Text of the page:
High on the optimism sparked by Cameron’s rousing rhetoric in 2010 about the promise of Britain’s tech companies to replace the financial services as the UK’s flagship industry, many young startups have been inspired to apply for the support and funding released through the government’s Technology Strategy Board (TSB). The SMART grant and the Launchpad initiative, run by the TSB, intend to fill the funding gap for seed and early stage tech companies unable to access bank cash and too small to be of interest to venture capitalists.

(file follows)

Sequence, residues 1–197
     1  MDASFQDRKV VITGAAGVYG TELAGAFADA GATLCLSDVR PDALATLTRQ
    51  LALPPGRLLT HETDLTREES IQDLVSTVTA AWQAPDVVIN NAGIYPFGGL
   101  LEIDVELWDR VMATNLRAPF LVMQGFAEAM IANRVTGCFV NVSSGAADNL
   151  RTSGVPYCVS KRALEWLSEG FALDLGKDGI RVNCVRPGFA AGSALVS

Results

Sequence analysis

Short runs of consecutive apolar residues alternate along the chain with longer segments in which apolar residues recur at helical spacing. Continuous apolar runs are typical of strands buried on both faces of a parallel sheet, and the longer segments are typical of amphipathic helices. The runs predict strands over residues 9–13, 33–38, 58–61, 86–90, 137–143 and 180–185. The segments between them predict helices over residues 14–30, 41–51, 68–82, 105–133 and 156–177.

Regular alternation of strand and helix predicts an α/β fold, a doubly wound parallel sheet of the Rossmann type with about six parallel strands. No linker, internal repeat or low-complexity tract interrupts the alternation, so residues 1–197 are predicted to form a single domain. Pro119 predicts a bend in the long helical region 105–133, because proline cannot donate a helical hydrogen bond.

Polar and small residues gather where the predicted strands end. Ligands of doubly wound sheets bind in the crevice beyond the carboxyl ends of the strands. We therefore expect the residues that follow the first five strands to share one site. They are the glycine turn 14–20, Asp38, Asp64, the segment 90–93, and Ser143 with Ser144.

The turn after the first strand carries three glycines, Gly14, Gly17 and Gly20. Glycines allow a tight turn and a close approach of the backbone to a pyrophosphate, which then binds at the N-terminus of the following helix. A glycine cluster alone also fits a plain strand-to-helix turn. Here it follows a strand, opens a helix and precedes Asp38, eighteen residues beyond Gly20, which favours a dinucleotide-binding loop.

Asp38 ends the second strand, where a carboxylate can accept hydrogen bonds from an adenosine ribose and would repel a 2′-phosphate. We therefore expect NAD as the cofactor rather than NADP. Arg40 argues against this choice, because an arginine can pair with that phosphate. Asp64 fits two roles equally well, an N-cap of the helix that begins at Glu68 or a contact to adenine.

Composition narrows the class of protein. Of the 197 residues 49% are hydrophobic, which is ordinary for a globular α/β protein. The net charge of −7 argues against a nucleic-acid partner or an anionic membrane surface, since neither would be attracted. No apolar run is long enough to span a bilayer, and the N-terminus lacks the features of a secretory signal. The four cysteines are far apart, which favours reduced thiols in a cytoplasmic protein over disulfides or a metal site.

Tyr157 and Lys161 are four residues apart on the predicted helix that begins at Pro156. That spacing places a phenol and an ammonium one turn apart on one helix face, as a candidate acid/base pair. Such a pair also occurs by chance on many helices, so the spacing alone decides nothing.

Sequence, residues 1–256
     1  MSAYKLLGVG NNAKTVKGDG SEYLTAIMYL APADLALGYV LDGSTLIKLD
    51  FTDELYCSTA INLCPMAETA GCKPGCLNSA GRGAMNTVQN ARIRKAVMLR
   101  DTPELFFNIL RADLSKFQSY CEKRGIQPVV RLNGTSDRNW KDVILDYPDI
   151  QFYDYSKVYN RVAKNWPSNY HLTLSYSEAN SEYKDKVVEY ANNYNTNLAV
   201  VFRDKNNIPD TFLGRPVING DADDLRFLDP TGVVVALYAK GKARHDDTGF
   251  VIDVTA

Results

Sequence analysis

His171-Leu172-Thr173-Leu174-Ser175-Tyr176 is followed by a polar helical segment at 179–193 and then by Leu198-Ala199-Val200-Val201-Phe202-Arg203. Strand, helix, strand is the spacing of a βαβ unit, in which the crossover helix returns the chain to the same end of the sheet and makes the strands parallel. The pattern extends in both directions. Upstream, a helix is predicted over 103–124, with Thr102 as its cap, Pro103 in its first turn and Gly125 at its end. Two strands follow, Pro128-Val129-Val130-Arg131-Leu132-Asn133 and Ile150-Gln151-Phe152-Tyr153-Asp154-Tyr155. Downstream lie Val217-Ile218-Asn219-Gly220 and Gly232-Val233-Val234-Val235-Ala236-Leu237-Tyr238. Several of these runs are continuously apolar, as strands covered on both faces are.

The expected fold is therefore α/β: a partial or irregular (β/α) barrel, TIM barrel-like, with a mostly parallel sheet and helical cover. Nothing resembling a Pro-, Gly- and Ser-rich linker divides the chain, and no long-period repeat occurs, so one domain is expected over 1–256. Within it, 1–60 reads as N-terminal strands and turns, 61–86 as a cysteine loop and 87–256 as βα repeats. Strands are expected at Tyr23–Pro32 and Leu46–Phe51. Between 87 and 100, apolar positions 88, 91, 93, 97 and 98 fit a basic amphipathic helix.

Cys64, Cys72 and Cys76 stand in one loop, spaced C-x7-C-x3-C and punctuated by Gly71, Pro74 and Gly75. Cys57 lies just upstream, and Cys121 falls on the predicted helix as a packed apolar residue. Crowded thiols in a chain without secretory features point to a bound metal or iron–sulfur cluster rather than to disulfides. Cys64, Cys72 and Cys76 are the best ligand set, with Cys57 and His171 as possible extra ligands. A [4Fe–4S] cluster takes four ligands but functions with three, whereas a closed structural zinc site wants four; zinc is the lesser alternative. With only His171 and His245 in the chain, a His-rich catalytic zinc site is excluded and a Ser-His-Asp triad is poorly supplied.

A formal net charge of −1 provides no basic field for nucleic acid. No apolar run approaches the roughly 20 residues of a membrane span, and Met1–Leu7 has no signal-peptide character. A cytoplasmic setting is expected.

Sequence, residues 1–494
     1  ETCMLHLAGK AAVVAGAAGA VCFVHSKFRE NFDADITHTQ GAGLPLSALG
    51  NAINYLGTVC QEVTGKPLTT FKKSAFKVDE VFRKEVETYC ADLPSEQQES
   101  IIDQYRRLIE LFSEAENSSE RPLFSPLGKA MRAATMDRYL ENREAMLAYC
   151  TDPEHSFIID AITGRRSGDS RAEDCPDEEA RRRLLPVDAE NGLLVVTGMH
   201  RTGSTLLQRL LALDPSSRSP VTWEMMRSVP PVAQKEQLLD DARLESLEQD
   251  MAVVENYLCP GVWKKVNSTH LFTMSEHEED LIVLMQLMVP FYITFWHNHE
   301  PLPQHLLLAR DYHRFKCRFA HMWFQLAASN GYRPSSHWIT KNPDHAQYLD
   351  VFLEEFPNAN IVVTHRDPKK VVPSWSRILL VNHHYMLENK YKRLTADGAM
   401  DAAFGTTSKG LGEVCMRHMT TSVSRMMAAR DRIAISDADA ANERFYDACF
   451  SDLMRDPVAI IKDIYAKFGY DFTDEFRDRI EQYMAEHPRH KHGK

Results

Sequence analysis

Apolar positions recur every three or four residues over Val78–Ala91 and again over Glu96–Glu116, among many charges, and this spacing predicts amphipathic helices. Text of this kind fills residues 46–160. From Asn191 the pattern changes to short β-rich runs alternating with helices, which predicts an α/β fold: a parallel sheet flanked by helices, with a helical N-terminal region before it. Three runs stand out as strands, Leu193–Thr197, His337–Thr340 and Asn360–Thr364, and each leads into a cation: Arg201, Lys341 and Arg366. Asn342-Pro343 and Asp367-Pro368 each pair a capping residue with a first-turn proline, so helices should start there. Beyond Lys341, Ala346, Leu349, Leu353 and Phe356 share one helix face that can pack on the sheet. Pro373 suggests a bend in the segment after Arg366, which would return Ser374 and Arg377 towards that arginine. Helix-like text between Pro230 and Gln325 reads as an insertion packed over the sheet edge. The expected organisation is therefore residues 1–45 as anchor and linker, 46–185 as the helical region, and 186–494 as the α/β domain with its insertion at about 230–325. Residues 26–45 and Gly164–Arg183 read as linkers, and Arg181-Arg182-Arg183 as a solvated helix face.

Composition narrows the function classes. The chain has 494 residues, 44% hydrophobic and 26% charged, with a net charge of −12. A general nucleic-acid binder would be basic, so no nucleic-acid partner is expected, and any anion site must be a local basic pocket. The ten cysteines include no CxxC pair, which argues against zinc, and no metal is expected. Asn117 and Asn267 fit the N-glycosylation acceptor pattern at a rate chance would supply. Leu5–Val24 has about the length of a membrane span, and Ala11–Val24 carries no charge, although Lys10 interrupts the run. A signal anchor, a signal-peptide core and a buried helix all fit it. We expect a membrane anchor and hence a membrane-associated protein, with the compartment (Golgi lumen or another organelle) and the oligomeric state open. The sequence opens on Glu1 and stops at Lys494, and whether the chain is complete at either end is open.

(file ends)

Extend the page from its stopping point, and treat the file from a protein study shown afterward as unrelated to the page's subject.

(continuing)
However, many companies have spoken out in criticism of the TSB‘s methods. Some have asked as-yet un-answered questions about the opaque decision-making process for entries; others have complained about the lengthy and cumbersome application that ask for details which aren’t available at such early stages of the business. It appears that companies may be put off applying because they are unable to commit time to the application, or because they are turning to alternative sources such as crowdfunding to fill the early-stage funding gap.